A perovskite is any material with the same type of crystal structure as calcium titanium oxide (CaTiO3, known as the "perovskite structure". Perovskites take their name from this compound, which was first discovered in the Ural mountains of Russia by Gustav Rose in 1839 and is named after Russian mineralogist, L. A. Perovski (1792-1856). The general chemical formula for perovskite compounds is ABX3, where 'A' and 'B' are two cations of very different sizes, and X is an anion that bonds to both. The 'A' atoms are larger than the 'B' atoms. The ideal cubic-symmetry structure has the B cation in 6-fold coordination, surrounded by an octahedron of anions, and the A cation in 12-fold cuboctahedral coordination. The relative ion size requirements for stability of the cubic structure are quite stringent, so slight buckling and distortion can produce several lower-symmetry distorted versions, in which the coordination numbers of A cations, B cations or both are reduced.

At the high pressure conditions of the Earth's lower mantle, the pyroxene enstatite, MgSiO3, transforms into a denser perovskite-structured polymorph; this phase may be the most common mineral in the Earth. [citebook|title=QI: The Book of General Ignorance|last=John Lloyd|authorlink=John Lloyd (writer)|coauthors=John Mitchinson|chapter=What's the commonest material in the world|isbn=0-571-23368-6|publisher=Faber & Faber] . However, it cannot be transported from depths of several hundred km to the Earth's surface without transforming back into less dense materials.

Although the most common perovskite compounds contain oxygen, there are a few perovskite compounds that form without oxygen. Fluoride perovskites such as NaMgF3 are well known. A large family of metallic perovskite compounds can be represented by RT3M (R: rare-earth or other relatively large ion, T: transition metal ion and M: light metalloids). The metalloids occupy the octahedrally coordinated "B" sites in these compounds. RPd3B, RRh3B and CeRu3C are examples. MgCNi3 is a metallic perovskite compound and has received lot of attention because of its superconducting properties. An even more exotic type of perovskite is represented by the mixed oxide-aurides of Cs and Rb, such as Cs3AuO, which contain large alkali cations in the traditional "anion" sites, bonded to O2- and Au1- anions.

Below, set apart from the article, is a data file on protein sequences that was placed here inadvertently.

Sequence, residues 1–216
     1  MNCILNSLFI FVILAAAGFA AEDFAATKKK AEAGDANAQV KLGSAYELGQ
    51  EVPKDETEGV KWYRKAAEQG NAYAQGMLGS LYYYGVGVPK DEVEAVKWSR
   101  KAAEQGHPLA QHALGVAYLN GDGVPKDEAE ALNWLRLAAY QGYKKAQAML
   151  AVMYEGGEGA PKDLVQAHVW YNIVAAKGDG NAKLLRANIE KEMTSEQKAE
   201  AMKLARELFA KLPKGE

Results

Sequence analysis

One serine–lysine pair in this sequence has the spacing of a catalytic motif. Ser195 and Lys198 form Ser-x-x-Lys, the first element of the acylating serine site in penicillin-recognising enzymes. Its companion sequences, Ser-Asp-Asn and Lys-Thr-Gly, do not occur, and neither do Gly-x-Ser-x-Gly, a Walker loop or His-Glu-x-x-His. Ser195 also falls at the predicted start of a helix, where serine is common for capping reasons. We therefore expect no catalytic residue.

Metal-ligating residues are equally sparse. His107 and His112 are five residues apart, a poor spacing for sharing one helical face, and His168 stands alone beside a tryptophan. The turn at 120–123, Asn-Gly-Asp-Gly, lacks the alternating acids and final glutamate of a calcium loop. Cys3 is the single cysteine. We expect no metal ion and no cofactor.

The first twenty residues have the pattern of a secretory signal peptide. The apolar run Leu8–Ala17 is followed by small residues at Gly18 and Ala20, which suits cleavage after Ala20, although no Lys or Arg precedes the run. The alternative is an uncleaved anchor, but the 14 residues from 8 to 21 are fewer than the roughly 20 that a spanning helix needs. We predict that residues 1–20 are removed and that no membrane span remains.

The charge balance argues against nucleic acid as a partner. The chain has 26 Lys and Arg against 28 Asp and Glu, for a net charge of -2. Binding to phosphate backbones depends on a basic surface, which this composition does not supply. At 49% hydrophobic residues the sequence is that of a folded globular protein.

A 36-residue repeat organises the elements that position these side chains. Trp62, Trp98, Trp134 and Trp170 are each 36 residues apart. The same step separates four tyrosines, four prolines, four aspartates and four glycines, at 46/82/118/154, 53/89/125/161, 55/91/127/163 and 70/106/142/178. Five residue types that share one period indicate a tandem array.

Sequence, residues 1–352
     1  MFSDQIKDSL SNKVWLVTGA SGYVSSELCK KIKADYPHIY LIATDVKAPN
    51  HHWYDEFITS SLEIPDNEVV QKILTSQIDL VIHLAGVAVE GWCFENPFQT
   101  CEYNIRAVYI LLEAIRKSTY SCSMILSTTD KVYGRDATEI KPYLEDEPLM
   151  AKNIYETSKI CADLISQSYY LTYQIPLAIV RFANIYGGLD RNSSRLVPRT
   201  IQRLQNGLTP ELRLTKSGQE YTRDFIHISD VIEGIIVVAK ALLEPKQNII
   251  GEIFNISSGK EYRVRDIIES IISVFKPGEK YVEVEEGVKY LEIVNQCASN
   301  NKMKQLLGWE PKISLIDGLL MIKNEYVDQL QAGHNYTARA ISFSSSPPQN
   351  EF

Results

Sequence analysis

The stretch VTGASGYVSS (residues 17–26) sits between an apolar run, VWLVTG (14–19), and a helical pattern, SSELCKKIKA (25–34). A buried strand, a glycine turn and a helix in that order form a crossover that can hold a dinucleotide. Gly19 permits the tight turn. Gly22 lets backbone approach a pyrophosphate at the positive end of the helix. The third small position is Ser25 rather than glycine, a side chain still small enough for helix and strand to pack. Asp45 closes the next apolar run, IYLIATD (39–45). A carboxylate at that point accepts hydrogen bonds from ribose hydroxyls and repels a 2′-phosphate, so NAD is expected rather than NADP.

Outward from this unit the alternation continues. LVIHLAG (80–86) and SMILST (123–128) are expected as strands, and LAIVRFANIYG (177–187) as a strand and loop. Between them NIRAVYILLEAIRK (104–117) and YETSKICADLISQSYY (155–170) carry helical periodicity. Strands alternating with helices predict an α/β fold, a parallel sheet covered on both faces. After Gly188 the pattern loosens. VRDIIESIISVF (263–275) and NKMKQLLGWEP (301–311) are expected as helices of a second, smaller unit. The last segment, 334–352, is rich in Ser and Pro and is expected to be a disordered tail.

Perovskite materials exhibit many interesting and intriguing properties from both the theoretical and the application point of view. Colossal magnetoresistance, ferroelectricity, superconductivity, charge ordering, spin dependent transport, high thermopower and the interplay of structural, magnetic and transport properties are commonly observed features in this family. These compounds are used as sensors and catalyst electrodes in certain types of fuel cells and are candidates for memory devices and spintronics applications .


The perovskite structure is adopted by many oxides that have the chemical formula ABO3.

In the idealized cubic unit cell of such a compound, type 'A' atom sits at cube corner positions(0, 0, 0), type 'B' atom sits at body centre position (1/2, 1/2, 1/2) and oxygen atoms sit at face centred positions (1/2, 1/2, 0). (The diagram shows edges for an equivalent unit cell with B at the corners, A in body centre, and O in mid-edge).